The harvest strategy policy and associated implementation guidelines aim to ensure key commercial fish species are managed for long–term biological sustainability and to maximise the net economic returns to the Australian community. The policy also seeks to provide the fishing industry with a more certain operating environment.
The harvest strategy policy provides a framework that allows a precautionary, evidence–based approach to setting total allowable catch levels in all Commonwealth fisheries on a fishery by fishery basis, to ensure that fisheries provide maximum economic returns while maintaining stocks at sustainable levels. The implementation guidelines provide practical advice on how to interpret and apply the harvest strategy policy to Australia’s fisheries and contain details of the science behind the fisheries management decisions.
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History of the Harvest Strategy Policy
In December 2005, the Australian Government Minister for Fisheries, Forestry and Conservation issued a ministerial direction to the
Australian Fisheries Management Authority (AFMA) under section 91 of the
Fisheries Administration Act 1991. The
ministerial direction included a requirement for the development of a world's best practice harvest strategy policy for Commonwealth fisheries.
In September 2007 the Australian Government released the ‘Commonwealth Fisheries Harvest Strategy Policy and Guidelines’. AFMA has developed harvest strategies consistent with the policy in all major Commonwealth fisheries.
review of the Harvest Strategy Policy and Guidelines, the revised
Commonwealth Fisheries Harvest Strategy Policy and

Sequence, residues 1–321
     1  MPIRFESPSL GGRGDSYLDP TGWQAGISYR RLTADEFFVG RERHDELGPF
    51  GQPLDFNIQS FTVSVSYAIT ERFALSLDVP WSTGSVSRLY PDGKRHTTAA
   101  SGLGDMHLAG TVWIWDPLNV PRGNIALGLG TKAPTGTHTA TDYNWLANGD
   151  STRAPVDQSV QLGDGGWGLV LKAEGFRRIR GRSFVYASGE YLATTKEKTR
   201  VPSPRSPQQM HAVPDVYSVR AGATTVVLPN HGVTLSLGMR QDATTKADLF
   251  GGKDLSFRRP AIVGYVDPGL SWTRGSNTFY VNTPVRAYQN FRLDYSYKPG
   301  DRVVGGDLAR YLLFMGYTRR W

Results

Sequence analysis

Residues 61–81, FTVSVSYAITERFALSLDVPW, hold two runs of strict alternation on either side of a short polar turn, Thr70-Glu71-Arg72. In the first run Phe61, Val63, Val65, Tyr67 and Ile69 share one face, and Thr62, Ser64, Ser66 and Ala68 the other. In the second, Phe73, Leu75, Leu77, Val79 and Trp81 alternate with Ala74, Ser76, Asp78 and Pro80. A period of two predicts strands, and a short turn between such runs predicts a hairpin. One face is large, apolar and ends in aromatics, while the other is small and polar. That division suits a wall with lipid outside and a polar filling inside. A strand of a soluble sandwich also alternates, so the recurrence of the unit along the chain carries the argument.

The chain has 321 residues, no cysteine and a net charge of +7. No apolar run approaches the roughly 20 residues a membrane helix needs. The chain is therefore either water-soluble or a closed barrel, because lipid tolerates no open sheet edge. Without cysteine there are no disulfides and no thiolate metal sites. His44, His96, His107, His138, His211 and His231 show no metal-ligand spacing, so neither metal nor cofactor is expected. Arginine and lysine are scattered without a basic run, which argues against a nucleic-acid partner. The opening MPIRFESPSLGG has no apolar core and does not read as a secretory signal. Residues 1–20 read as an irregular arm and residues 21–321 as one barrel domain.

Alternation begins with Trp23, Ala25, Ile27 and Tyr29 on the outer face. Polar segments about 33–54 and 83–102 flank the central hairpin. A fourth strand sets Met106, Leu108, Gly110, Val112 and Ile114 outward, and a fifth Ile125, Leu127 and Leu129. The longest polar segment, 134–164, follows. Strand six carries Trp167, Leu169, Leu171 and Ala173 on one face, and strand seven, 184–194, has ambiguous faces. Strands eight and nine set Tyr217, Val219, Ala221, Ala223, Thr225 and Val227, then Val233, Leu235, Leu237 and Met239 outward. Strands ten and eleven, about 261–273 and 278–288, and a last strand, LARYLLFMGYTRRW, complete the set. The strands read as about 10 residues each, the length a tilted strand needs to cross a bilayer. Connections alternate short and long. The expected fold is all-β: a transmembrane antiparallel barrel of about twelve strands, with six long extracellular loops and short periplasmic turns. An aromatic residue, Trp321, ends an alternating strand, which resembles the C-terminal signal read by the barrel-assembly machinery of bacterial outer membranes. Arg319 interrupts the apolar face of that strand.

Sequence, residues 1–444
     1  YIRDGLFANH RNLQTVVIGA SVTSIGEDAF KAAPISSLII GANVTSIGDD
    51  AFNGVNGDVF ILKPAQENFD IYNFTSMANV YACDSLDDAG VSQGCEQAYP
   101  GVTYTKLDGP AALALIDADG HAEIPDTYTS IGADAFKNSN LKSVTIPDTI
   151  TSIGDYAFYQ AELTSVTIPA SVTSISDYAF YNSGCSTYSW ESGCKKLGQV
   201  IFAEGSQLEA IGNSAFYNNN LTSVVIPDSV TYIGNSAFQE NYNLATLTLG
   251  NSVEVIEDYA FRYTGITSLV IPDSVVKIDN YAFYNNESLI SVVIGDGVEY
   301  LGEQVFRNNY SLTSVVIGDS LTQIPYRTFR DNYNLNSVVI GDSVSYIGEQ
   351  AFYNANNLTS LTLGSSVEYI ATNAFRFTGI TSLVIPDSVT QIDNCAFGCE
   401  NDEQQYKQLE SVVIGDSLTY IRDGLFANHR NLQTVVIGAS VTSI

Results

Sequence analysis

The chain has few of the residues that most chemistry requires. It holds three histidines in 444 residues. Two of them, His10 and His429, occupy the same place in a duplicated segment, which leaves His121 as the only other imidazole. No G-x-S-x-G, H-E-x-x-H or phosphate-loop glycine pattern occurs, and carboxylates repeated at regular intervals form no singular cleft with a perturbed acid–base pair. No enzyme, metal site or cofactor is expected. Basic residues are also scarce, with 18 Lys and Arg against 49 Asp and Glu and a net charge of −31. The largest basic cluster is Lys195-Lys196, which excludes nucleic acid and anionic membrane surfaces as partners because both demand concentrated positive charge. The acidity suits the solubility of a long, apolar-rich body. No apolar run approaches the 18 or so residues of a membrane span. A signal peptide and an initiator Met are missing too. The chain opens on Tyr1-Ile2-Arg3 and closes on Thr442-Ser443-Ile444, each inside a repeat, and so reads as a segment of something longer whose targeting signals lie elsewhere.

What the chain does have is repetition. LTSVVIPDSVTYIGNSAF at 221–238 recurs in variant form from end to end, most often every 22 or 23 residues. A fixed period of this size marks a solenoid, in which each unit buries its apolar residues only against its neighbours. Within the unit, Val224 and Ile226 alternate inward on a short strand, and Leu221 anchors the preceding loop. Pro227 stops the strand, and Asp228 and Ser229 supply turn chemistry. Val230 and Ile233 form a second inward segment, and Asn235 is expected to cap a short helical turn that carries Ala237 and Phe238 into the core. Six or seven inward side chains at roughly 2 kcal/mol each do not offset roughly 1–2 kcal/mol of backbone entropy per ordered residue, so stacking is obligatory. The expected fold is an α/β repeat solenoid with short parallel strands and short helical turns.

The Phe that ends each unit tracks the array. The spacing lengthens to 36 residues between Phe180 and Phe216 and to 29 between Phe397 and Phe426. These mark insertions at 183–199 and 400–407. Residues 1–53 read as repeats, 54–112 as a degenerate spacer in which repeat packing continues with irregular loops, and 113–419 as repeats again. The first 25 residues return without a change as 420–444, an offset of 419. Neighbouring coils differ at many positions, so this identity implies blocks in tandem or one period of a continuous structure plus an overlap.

Guidelines for the Implementation of the Commonwealth Fisheries Harvest Strategy Policy were released on 21 November 2018.
The revised Harvest Strategy Policy and Guidelines
The Harvest Strategy Policy and its associated implementation guidelines were revised following the review to capture new developments in fisheries management and science.
The policy revisions ensure that the policy settings continue to allow the government to pursue fisheries management objectives in a way that represents world’s best practice. Changes in the 2018 policy include more direction on meeting environmental and economic objectives in multispecies fisheries and the application of the policy to internationally managed fisheries. Further, byproduct species are now covered within the scope of the policy.
The revised policy was subject to
public consultation in 2017. The department also held consultation workshops with targeted stakeholders (scientists, industry, recreational fishers and environmental non-government organisations) on the policies and guidelines.
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